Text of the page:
During the 4th Quarter earnings call on Jan 28, Kevin Plank, CEO of Under Armour (NYSE:UA), said this:
"I want to wish you all a belated Happy New Year and wish those in China an early, Guonian Hao."
Not that there he meant to exclude all other countries, mind you, but it underscores the success that his company has had in China - and the forward focus of UA's international business.
The company earned nearly 86.7% of its revenue from United States in the most recent quarter and, if things go as per plan, it will reduce that dependency to 82% by 2018 - still a significant quantum of sales, but a healthier distribution nonetheless.
Under Armour's U.S. Footprint
Of note - to me - from the 4Q 2015 earnings call was Plank's comment about distribution points. Not one to drop names inappropriately, he referred to their "biggest competitor" having 23,000 distribution points in North America alone; he also noted that UA's own network consisted of 11,000 points.
To me that's an indication that two things are on Plank's mind at the moment:
- What are UA's numbers with respect to Nike's (NYSE:NKE), like for like?
- Where do the opportunities for growth in the U.S. lie?
On the first question, yes, Under Armour definitely needs to measure themselves against several yardsticks that Nike has created in the sportswear industry. But it's the second question that intrigues me to no end. What is the UA of the future going to look like? Will they be a copycat of the very company they strive to topple from pole position? Or will they position themselves differently while they are still small and nimble?
I believe it's a combination of both. On the one side, celebrity endorsements are a big part of UA's marketing arsenal just as it is with Nike. On the other, the former seems to be aggressively focusing on pushing its products directly to the public rather than via multi-brand or exclusive stores.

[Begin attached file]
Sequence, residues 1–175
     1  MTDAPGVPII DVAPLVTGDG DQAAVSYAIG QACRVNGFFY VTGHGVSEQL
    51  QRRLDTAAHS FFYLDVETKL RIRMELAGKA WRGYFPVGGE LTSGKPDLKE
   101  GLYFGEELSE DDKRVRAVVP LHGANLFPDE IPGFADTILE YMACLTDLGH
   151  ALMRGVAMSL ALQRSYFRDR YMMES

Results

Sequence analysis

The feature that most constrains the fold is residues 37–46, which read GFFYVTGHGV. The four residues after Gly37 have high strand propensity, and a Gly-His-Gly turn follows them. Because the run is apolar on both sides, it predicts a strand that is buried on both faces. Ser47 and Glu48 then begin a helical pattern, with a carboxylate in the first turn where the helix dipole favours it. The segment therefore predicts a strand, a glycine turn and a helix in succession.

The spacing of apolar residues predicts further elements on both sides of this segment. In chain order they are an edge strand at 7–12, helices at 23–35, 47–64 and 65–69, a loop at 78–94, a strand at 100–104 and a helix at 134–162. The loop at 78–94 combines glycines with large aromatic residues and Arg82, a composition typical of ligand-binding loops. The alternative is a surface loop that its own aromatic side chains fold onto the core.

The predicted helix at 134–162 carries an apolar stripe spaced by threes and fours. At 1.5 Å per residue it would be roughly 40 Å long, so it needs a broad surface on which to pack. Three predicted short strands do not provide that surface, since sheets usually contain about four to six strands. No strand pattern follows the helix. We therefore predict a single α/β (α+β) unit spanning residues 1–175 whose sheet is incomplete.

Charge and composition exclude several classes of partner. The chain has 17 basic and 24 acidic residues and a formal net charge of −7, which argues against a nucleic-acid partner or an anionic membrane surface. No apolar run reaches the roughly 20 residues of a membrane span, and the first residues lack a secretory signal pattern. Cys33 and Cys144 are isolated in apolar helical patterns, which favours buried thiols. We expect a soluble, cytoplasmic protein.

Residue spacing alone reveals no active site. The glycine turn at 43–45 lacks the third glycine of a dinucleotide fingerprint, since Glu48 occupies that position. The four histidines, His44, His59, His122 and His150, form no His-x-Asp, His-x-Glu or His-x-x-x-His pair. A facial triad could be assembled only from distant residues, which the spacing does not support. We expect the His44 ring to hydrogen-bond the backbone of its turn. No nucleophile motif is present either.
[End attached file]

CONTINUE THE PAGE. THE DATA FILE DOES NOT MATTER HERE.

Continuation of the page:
While both are showing signs of success, there's only one thing that can really tell us how big of an impact these initiatives have - and it's called numbers.
Read on to see where I think Under Armour has already earned an edge over Nike in key business areas...
Under Armour looks like a kid trying to play a big man's game when you compare their athletic footwear market share against Nike's. In 2015, UA's entire footwear division brought in $677 million, accounting for 17.7% of their net sales, while Nike's North America Footwear division alone brought in $2.16 billion just during the second quarter that ended in November 2015. UA's global footwear sale for a year is less than a third of Nike's quarterly sales in North America.
Source: Businessinsider, May 2015
But, see, here's where I think UA has the edge: although Nike has this market in a stranglehold, its success hinges on two key personalities: Michael Jordan and his brand, and LeBron James - who may well have his own brand of basketball shoes in the near future. This is where UA deviates from the standard formula: to hedge its bets, it has signed up celebs from various sports - Stephen Curry for basketball, Andy Murray for tennis and Cam Newton for football, to showcase just three of them.
Even though Nike does support other sports, their focus on basketball overshadows everything else they do. In fact, they're doing it in China as well, highlighted by the basketball legend's visit last year.
From an industry segment perspective, footwear sales have been growing at a steady rate - an indication that there's still more than enough room for UA to get a foot in, in a manner of speaking. They're only scratching the surface here, and a lot depends on how they build their brand around the sports celebrities they're using to tackle each sports segment. The fact remains that this is not a market that can be saturated; though the players are many, the market keeps growing to accommodate nearly any new line thrown at it by sports footwear companies.
As you can see from the graph above, this is not a market that buckles under severe pressure - even one brought on by a major global recession. The dent made by the recession in terms of sales was a mere bump in the road as far as sports footwear goes.